Kelp Has Anti-Estrogenic Effects

Kelp Has Anti-Estrogenic Effects

Blog Entry #54

By Admin –

Kelp is not a planet but seaweed or algae found in the sea. Its nutritional values are that it may include the strengthening of the circulatory system, provision of strong bones and teeth, cancer fighting benefits and reducing the risk of strokes and heart disease. Kelp is rich in nutrients, most of all iodine. This helps stimulate the thyroid gland and controls metabolism. Kelp is also a good food to prevent or treat infections; its large iodine content helps the body fight bacteria and foreign bodies.

We have written about foods that can be used to treat or prevent high estrogen levels, or help control side effects associated with estrogen. Gynecomastia, acne, aggression, behavioural changes, low libido, impotence and cholesterol problems are all attributed to estrogen levels. Consuming foods that help regulate these nasty hormones can help us avoid side effects. Today we’re going to look at how kelp can help us control estrogen.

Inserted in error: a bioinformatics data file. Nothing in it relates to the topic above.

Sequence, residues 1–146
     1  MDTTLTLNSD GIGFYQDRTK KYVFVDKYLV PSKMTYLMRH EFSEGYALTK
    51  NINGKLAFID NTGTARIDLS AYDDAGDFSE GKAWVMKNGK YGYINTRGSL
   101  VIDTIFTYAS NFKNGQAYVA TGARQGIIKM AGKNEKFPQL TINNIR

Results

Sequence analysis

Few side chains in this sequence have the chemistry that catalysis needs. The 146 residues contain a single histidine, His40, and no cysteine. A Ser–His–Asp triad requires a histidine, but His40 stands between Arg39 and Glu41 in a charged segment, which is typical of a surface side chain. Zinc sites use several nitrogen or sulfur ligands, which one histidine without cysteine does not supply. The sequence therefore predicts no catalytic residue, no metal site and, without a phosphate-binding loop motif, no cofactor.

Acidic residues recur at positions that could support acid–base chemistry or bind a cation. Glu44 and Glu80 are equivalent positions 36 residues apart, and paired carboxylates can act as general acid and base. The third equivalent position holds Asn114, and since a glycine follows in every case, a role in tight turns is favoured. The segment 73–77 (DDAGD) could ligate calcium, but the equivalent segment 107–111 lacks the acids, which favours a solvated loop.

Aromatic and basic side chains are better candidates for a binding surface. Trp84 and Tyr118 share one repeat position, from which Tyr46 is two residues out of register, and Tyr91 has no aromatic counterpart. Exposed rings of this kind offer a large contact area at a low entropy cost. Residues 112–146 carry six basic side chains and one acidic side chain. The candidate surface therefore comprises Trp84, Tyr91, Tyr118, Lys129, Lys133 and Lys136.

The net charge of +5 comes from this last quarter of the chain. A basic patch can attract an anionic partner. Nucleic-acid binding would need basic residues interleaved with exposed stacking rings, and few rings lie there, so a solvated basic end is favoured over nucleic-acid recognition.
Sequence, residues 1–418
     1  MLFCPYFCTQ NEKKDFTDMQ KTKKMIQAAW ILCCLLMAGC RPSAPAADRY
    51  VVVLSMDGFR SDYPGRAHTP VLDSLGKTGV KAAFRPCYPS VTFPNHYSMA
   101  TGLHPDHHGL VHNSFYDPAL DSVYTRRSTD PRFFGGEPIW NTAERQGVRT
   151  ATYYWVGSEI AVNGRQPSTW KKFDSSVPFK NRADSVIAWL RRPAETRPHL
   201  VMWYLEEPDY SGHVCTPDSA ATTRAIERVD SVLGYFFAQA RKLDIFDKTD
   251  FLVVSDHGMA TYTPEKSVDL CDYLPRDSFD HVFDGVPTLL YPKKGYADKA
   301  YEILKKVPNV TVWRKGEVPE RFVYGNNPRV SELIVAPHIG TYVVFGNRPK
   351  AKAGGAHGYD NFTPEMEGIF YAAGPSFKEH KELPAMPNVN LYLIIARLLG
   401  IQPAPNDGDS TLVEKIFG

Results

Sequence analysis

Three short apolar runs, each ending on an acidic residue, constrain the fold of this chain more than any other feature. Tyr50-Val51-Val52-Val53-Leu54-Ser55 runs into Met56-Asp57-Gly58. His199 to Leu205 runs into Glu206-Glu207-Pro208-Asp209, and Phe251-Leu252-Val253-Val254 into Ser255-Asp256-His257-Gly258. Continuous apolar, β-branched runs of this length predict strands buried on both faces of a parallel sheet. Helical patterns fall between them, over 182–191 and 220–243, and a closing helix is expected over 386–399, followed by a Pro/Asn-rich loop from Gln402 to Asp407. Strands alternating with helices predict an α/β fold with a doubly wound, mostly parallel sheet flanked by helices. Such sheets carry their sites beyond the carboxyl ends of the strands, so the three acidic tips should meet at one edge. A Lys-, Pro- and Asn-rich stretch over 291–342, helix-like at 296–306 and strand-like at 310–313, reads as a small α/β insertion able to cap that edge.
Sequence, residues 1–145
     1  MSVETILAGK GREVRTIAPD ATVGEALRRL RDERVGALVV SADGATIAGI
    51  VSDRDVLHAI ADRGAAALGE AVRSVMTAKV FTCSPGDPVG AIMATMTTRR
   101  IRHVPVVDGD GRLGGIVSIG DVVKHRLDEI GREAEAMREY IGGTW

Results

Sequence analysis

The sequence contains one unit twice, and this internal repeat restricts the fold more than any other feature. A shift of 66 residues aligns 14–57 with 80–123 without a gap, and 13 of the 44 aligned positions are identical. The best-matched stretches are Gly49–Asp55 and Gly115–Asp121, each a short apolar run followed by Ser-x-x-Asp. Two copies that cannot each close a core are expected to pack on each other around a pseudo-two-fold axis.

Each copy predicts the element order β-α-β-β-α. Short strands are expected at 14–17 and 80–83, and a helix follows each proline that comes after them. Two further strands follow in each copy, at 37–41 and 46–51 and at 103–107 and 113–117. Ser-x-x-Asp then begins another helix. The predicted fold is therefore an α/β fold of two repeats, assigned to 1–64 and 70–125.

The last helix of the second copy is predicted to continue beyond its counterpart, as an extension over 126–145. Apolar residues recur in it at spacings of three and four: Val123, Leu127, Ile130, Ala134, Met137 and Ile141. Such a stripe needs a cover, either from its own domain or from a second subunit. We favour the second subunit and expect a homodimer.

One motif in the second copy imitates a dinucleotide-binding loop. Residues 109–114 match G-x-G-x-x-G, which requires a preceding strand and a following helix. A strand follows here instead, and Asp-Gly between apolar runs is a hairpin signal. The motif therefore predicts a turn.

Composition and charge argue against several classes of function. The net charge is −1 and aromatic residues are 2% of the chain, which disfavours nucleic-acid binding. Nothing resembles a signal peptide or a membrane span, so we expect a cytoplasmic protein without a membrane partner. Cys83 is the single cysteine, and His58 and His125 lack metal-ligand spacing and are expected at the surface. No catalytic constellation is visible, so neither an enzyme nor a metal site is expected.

A study done in 2005 at the University of California, in America, sought to find out if kelp had an estrogenic effect and lasted four weeks. Populations that eat large amounts of anti-estrogenic foods tend to have lower cancer rates. Japan seems to be one of these countries. The researchers wanted to know if kelp consumption could be a factor in their high longevity rates as it may lower estrogen. Women have longer menstrual cycles in Japan, but most of these anti-cancer effects wee put down to their large soy consumption.

The US researchers gave female rats between 175-350mg of kelp per kilogram of bodyweight per day. The figure below shows the results. In the group given the highest seaweed dose, estrogen was inhibited the most.










The US researchers went a couple of stages further to try to understand how the kelp inhibits estrogen production. So they exposed human ovary cells to the kelp and recorded the results. Again, the large the amount of kelp exposed to the ovary cells, the greater the estradiol inhibition. The kelp exposure actually led to a 35-43% decrease in estrogen levels.

Limitations are that this is an animal study done on female rats. More data is needed.

Kelp can be supplemented and it may help control estrogens nasty side effects. Claiming it can be used instead of an aromatase inhibitor (AI) or selective estrogen-receptor modulator (SERM) is a little too far, but add it to your diet for its anti-estrogen control and nutrient content.


J Nutr. 2005 Feb;135(2):296-300.